On this gray September morning permeated by a somewhat cooler humid breeze that passes for fall these days, Bronx Borough President Rubén Diaz, Jr. is striding into the Forest Houses Community Center in the South Bronx, entourage in tow, adjusting cufflinks and discussing the Yankees. Waiting for him inside are a small group of neighborhood residents, community leaders, a few Hispanic clergy, and members of the Crows Motorcycle Club. Diaz, who grew up in the Soundview section of the Bronx and hung with peers from the Bronxdale Projects, once home to Supreme Court Justice Sonia Sotomayor, steps assuredly into the circle that awaits him, looking like he is in his element.
"We all saw, the city saw, the nation saw, what happened to four-year-old little Lloyd," he says solemnly, referring to the July shooting death of Lloyd Morgan ironically following a basketball tournament in Forest Houses in honor of a teenage girl who was murdered in 2010. "Many of us were there at the funeral of little Lloyd in Harlem. But we come back here today, perhaps not with a lot of fanfare, to say that over the last three years my office has been doing the Peace in our Streets Initiative, and we're going to start it again right here, where we need healing and prayer."
Diaz Jr was at the Forest Houses to resume "Operation Gun Stop," a drive he has been engaged in since he was elected as beep in 2009 to urge residents of high- violence areas to give the police department tips that will lead to the seizure of illegal guns and, by extension, make the neighborhood safer. The information, which can be phoned in with guarantees of anonymity, can earn residents a $1,000 reward if an arrest is made in connection with the tip.
The Operation Gun Stop program, in the absence of increased cameras for surveillance of project playgrounds, is one of Diaz's favorites. Despite being the son of City Councilman Reverend Ruben Diaz Sr., who among other decidedly conservative positions is strongly for Mayor Bloomberg and Police Commissioner Ray Kelly's Stop and Frisk program, Ruben Jr. has long been concerned with both the destruction gun violence brings to communities like this, and the damage indiscriminate racial profiling can bring. After all, he began his political life as an organizer for the family of Amadou Diallo, famously gunned down when NYPD officers mistook his wallet for a gun.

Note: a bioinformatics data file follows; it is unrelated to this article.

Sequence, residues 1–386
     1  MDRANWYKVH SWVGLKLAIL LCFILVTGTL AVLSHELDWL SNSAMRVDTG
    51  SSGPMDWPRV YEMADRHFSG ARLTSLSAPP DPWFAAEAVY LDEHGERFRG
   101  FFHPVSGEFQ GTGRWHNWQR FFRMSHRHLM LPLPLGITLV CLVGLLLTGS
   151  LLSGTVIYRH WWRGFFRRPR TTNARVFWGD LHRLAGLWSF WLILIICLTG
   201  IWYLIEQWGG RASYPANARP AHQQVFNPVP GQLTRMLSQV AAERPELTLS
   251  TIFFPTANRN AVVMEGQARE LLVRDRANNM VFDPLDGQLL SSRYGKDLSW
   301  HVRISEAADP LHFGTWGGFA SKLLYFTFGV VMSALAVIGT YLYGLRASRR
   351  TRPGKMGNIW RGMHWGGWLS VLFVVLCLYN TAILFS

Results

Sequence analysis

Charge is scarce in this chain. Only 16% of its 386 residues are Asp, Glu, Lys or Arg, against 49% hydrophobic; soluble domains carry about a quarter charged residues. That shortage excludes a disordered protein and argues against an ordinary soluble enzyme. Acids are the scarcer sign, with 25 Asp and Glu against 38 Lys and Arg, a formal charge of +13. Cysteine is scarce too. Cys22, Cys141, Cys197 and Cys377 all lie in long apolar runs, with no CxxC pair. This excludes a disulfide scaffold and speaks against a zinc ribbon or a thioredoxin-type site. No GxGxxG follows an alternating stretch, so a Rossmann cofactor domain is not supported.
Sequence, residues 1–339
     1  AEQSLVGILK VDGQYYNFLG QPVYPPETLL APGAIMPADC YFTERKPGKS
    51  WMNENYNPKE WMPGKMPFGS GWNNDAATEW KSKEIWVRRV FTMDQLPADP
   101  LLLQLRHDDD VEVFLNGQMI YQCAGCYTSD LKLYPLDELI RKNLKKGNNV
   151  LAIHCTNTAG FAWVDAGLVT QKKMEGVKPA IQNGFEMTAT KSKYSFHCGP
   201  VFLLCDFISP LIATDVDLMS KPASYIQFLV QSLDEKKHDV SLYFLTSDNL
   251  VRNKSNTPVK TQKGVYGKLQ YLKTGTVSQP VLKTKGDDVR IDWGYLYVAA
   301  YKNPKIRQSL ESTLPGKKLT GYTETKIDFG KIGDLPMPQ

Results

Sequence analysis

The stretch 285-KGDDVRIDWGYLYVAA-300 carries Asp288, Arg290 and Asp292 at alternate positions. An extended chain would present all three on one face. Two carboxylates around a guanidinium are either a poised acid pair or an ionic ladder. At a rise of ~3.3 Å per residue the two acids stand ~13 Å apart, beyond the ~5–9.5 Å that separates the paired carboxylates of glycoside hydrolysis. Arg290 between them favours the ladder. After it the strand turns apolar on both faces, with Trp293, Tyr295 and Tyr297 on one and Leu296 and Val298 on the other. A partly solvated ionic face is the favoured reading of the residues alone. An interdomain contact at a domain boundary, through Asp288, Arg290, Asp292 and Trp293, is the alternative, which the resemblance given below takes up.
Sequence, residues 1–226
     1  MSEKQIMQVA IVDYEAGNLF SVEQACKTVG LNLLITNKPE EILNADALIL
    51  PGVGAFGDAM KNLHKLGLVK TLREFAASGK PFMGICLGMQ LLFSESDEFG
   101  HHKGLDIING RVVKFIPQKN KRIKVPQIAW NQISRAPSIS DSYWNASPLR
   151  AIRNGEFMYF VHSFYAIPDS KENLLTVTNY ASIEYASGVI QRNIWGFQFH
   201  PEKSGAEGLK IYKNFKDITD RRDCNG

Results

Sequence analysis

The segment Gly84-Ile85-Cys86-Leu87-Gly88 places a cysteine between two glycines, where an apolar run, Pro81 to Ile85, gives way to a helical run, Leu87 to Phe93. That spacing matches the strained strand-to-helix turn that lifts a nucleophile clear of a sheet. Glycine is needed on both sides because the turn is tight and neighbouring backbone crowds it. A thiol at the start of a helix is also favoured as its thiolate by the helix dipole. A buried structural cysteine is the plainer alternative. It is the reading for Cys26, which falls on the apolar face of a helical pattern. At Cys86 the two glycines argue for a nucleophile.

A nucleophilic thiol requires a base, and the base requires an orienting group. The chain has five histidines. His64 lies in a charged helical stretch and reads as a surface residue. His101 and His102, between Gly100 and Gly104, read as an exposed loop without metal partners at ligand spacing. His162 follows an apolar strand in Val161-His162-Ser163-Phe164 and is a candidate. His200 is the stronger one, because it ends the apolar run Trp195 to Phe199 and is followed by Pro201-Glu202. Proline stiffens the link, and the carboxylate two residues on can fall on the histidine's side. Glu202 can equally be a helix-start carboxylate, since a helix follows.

Playing the streetwise Bronx politico, Diaz Jr tries to balance the need for law enforcement with the skepticism of people aggrieved by the way it is sometimes carried out. "People ask me Ruben, isn't this snitching? I don't want to get involved with snitching," he admitted. "It's not snitching. Snitching is something that needs to be redefined. Snitching means that if I do something bad and I get caught, in order for me to get off the hook I tell the police so that they can get you. Snitching does not mean that if I'm a law-abiding citizen and if something bad happens to me or my community, if I know who the bad person is if I call on that person. That should not be snitching. That is called being a good community resident and making sure that the community is safe."
Diaz Jr. is supremely confident in the connection he's making. "I think we're all in agreement on that point," he says, as the circle, led by Bishop Angelo Rosario of the Bronx Clergy Task Force applauds loudly. The gathering is about to break into small groups and fan out into the buildings surrounding the community center, and Diaz Jr. is all smiles. He is heading to make the rounds of project hallways that smell strongly of rice and beans, sancocho, perníl asado, and the doors that open for him as he knocks politely, patiently, will be opening for a familiar face.
Who will it be?
"You can't make that stuff up," says Fernando Ferrer, speaking of Diaz Jr. later during an interview in his office at the government relations firm Mercury Public Affairs, where he is co-chairman, years removed from his three attempts to become New York's first Latino mayor. "You can't fake it. I've seen people try … I've seen Puerto Ricans try. When you come from the hood, you're either comfortable there or not. And people can smell it a mile away."
While most of the people I spoke to feel Diaz has a long way to go if he hopes to gain citywide office—he has hinted at running for either public advocate or comptroller in 2013—he is generally viewed as a candidate with a future. He has even been mentioned as a possibility for mayor, perhaps the Latino most likely to break the barrier that Ferrer failed to surmount by tens of thousands of votes, and tens of millions of dollars of campaign funds short of in 2005.